140g Light Brown Sugar
200g Butter
1 Egg Yolk
Vanilla Extract
280g Plain Flour
2 tsp Cinnamon
100g Choc Chips

1. Cream Sugar and Butter together.
2. Add the yolk and vanilla extract until just combined.
3. Mix in the Flour and Cinnamon
4. Add Chocolate Chips if you wish.
5. Roll as much dough as you need. You can freeze any excess.
6. Cut out different shapes with cookie cutters and place them on a tray with parchment. Make sure to leave space around each.
7. Chill tray in fridge for at least 1 hour.
8. Bake in oven @ 180^C for 8 to 10 minutes. Or until golden brown. They will be very soft but quickly harden as they cool. They are very easy to overcook so keep an eye on them.
9. When completely cooled, the cookies can be decorated by piping royal icing.

Merry Christmas To All,

Saturday, June 30

June Book Reviews

I was originally a book blogger. Back in the day, when the grass was greener, and the days longer, when I created my first ever blog post, I declared that I would write about books! So although both my blog and I have gone through some mega changes, we agreed we still like talking about books.

My Old Blog ^ first post I ever wrote ( did not look like this back then )
And seeing as it has been a century since I last wrote a book review I shall give you a few of them in one post.

Alas, because time has an annoying effect on memory, there are some books I read and just cannot for the life of me remember what they were about, or if I liked them all that much... oh well.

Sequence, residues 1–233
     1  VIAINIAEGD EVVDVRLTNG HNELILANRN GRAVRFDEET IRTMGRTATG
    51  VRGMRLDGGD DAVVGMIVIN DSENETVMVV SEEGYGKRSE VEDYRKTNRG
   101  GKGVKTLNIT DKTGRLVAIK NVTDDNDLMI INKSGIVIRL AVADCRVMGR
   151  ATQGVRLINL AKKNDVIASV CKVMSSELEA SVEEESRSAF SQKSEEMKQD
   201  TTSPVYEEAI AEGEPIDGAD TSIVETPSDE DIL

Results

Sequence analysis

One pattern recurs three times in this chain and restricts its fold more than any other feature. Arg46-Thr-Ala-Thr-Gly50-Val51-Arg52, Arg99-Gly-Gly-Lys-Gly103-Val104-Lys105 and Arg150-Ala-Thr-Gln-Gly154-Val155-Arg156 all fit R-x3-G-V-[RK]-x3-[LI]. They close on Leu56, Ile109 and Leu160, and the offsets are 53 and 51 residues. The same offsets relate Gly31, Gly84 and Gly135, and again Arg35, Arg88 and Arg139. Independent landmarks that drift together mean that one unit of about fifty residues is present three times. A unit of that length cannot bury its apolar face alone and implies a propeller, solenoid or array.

I won’t describe what I look like. Whatever you’re thinking, it’s probably worse. August Pullman was born with a facial difference that, up until now, has prevented him from going to a mainstream school. Starting 5th grade at Beecher Prep, he wants nothing more than to be treated as an ordinary kid—but his new classmates can’t get past Auggie’s extraordinary face. WONDER, now a #1 New York Times bestseller and included on the Texas Bluebonnet Award master list, begins from Auggie’s point of view, but soon switches to include his classmates, his sister, her boyfriend, and others. These perspectives converge in a portrait of one community’s struggle with empathy, compassion, and acceptance.

I was expecting a children’s book, a story far too immature to keep me engaged, a light-hearted tale, a book I would fling to the side not long after finishing. But I was wrong. In reality this is a book for any person, young and old. A story that is very real and will touch many people. A tale with a heavy topic but conjures hope and love from the reader. A book I still love many months after reading it.